LIVE LEO’S FREE Leo’s has gone from bad to worse, but don’t despair. We’ve compiled a comprehensive list of alternative on-campus dining options. blog.thehoya.com

Former Dean Dies BRADEN MCDONALD Hoya Staff Writer

Former Georgetown University School of Medicine Dean and Chief of Urology William Maxted (C ’50, MED ’54) died last month at age 83. According to an article in The Washington Post, Maxted died of pneumonia at Georgetown University Medical Center Aug. 20. Maxted graduated cum laude from Georgetown College in 1950 and the School of Medicine in 1954, completing his residency at Georgetown University Hospital in 1961 after serving in the Air Force. He then worked in the hospital’s urology department for 50 years before his retirement in 2011, serving as chief of urology and program director from 1976 to 1989 and as dean of the School of Medicine from 1989 to 1998. In an Aug. 23 letter to the GUSM

community, Stephen Ray Mitchell, the school’s current dean for medical education and a professor of medicine and pediatrics, spoke of Maxted’s importance for the Georgetown medical community. “No Georgetown physician has done more over so long a period of time to mentor our students in clinical medicine,” Mitchell wrote. “There are generations of gratitude from those who remember … Maxted’s superb teaching.” Despite his death, Maxted’s legacy lives on in the Georgetown medical community in the form of the William C. Maxted Urology Award, which honors exceptional performance by senior medical students. An annual endowed lectureship has also been named for him. Maxted is survived by three children, five grandchildren and two sisters. His wife, Claire Maxted, died in 1995.

Website Will Connect Entrepreneurs to Alums Security Officials Talk Tactics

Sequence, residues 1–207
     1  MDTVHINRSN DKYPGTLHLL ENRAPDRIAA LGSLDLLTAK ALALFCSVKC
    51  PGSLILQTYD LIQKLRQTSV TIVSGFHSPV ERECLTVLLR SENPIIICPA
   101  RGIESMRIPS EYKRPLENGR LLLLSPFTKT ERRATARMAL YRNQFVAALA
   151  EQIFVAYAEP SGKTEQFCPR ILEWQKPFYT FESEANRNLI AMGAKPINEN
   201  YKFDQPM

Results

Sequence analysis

ALEXANDER BROWN FOR THE HOYA

Former national security advisers discussed defense strategies and threats during a panel Wednesday.

ALEX GALAN

Hoya Staff Writer

AlumniFunder, a website that aims to connect Georgetown students with alumni who are working on startup ventures, will launch Sept. 29, according to site founder S. Ryan Meyer (SFS ’99). The website is an electronic platform that facilitates the exchange of capital among “doers” — entrepreneurs who are looking to fund startup companies. According to Meyer, the site will rely on alumni’s relationships with their alma maters, tapping into the common bond of shared college experience to foster trust among site users. “AlumniFunder wants to use that trust and expand that into an online environment,” Meyer said. Although anyone can explore the site, only users with confirmed georgetown.edu email addresses can upload ideas and enter into discussions, Meyer said. AlumniFunder will utilize crowd funding — a collective effort to net-

work and pool resources — to fund startup companies. “Crowd funding offers a certain democratization to the process,” Meyer said. The idea for AlumniFunder arose after Meyer’s first attempt at a startup failed due to lack of funding. He began planning the site at the end of April. According to Meyer, both students and alumni will benefit from the site because it will provide a common platform to pitch and discuss ideas and plans. “Since you are driving the conversation, you can make that change,” Meyer said. Though Georgetown is unaffiliated with AlumniFunder, Meyer said that it offers an opportunity for the university to use the site to raise money and potentially attain more notoriety as alumni create successful startups. After its launch party at F. Scott’s next week, AlumniFunder plans to create fundraising networks for Princeton, Stanford and Harvard before the end of the year.

ANDREW WILSON Special to The Hoya

Former national security advisers discussed national security in the United States and the Middle East in Gaston Hall Wednesday afternoon. President and CEO of the Atlantic Council and former Assistant Managing Editor at The Wall Street Journal Fred Kempe moderated the panel, titled “National Security in the 21st Century.” The speakers included three former national security advisers: Brent Scowcroft, Stephen Hadley and James Jones (SFS ’66). Scowcroft, who served as national security adviser to Presidents Gerald Ford and George H.W. Bush, opened the discussion by commenting on how the American government has changed its approach to national security since his retirement at the end of the Cold War. “Now, the strategy is not a given. As a matter of fact, there is prob-